Use

Following completion, Plaskett remained the head of the observatory until 1935.

A spectrograph is fitted to the Cassegrain focus and an imaging CCD is attached to the Newtonian focus.

In 1962, a 48" optical telescope was added to the observatory. The telescope, ordered in 1957, was made by Grubb Parsons of Newcastle-upon-Tyne, England. Its Coude focus is used with a room sized spectrograph.

In 1995, the observatory was made the headquarters of the NRC Herzberg Institute of Astrophysics, which operates several Canadian telescopes, both optical and radio. The NRC collaborates with international partners such as the Canada-France-Hawaii Telescope.

The telescopes are in constant use today and are open for visitors year round. An interpretive centre called the Centre of the Universe was opened in 2002 but unfortunately closed in 2013 due to budgetary reasons.

As of January 2014, the current (acting) director is Dr Dennis R. Crabtree.

Plaskett telescope contemporaries on commissioning

The Plaskett missed becoming the largest telescope in the World, but remained the second largest until the 74 inch (188 cm) reflector at David Dunlap Observatory in 1935 (also in Canada) debuted.

Top 2 in 1918:

# Name /
Observatory
Image Aperture Altitude First
Light
Special advocate
1 Hooker Telescope
Mount Wilson Obs.
100 inch
254 cm
1742 m
(5715 ft)
1917 George Ellery Hale
Andrew Carnegie
2 Plaskett telescope
Dominion Astrophysical Obs.
72 inch
182 cm
230 m
(755 ft)
1918 John S. Plaskett

The next largest were the Harvard College Observatory 60 inch and the Mt. Wilson 60-inch Hale.

See also

References

  1. ^ BCGNIS entry "Observatory Hill"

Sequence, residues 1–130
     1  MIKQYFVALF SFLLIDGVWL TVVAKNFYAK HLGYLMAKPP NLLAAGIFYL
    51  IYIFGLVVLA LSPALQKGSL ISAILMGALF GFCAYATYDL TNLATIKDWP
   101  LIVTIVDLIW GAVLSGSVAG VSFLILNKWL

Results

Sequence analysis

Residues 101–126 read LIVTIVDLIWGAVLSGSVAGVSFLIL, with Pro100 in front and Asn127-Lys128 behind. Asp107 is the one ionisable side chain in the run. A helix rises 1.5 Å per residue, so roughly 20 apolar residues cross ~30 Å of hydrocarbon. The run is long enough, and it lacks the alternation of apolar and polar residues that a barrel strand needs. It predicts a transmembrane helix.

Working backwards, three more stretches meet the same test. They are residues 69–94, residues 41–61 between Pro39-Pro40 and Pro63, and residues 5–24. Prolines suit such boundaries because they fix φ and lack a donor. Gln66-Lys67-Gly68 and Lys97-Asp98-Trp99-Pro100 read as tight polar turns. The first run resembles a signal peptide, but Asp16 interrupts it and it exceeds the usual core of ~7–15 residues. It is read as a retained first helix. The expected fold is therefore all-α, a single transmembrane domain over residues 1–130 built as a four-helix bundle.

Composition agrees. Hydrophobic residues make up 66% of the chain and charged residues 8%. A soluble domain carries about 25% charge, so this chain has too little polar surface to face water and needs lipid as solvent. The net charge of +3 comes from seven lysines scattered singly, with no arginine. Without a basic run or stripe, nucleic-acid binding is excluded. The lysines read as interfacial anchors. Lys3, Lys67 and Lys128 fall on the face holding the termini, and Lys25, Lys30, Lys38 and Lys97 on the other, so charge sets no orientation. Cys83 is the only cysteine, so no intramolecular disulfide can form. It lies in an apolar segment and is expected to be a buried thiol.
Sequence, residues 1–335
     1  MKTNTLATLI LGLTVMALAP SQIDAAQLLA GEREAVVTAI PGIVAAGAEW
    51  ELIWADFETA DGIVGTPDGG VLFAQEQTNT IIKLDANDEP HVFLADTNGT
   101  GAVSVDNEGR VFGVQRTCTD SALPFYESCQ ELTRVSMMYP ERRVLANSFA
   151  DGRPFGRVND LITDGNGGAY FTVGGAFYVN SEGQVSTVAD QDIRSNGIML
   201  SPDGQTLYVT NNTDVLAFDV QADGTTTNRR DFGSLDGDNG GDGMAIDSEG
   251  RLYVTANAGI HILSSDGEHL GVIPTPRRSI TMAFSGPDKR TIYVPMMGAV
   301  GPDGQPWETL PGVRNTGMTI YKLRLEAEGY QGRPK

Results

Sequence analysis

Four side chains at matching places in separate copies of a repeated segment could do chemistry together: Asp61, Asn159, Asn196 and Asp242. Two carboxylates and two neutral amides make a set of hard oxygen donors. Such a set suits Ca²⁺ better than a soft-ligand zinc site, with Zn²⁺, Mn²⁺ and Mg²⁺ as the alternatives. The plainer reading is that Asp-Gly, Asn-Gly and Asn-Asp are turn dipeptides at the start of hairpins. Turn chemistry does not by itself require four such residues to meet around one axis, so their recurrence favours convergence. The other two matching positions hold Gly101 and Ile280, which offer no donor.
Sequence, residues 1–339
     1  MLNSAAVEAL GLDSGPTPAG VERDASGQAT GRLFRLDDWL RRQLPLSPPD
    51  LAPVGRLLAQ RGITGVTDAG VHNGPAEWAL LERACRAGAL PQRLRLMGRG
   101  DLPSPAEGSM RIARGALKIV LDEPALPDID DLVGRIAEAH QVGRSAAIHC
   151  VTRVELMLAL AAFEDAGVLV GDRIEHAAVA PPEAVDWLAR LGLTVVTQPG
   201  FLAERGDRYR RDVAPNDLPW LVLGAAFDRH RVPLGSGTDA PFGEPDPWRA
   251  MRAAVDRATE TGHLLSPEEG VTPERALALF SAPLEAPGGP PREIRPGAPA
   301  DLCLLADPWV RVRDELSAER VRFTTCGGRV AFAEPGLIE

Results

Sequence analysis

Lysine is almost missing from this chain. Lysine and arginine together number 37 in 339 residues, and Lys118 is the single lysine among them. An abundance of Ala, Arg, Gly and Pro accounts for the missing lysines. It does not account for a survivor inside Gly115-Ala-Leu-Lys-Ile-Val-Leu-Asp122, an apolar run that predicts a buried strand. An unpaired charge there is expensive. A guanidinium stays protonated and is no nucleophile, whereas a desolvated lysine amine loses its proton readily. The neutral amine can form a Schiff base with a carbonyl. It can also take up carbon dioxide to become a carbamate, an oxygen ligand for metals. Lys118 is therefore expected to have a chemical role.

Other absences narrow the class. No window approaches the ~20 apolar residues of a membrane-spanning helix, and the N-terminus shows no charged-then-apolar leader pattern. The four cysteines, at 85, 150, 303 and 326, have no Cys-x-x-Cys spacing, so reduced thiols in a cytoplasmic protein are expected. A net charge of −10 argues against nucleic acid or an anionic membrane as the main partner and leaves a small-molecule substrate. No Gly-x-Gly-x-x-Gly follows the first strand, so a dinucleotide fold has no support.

2. ^ http://dictionaryofarchitectsincanada.org/architects/view/1529 Edgar Lewis Horwood
  3. ^ Plaskett, J., Publications Astronomical Society Pacific 30, 267, 1918
  4. ^ Dominion Astrophysical Observatory. Canadian Register of Historic Places. Retrieved 13 November 2011.
  5. ^ "Centre of the Universe". National Research Council Canada. Retrieved 7 May 2015. 
  6. ^ http://www.vicnews.com/news/216236041.html
  7. ^ "Official site". Friends of the Saanich Observatory. Retrieved 7 May 2015. 

External links

  • Official Site
  • Dominion Astrophysical Observatory Clear Sky Clock Forecasts of observing conditions.
  • District of Saanich Significant Buildings - scroll down the see the building
  • Paper by John S. Plaskett on the construction of the DAO
  • Paper about 48" telescope
  • Richard A. Jarrell, The Instrument was Instrumental: Plaskett's Telescope and Canadian Astronomy between the wars
  • John S. Plaskett, History of Astronomy in British Columbia
  • Helen Sawyer Hogg, Memories of the Plaskett Era of the Dominion Astrophysical Observatory 1931–1934
  • Photo of DAO, 1920, U. Wash Digital Collections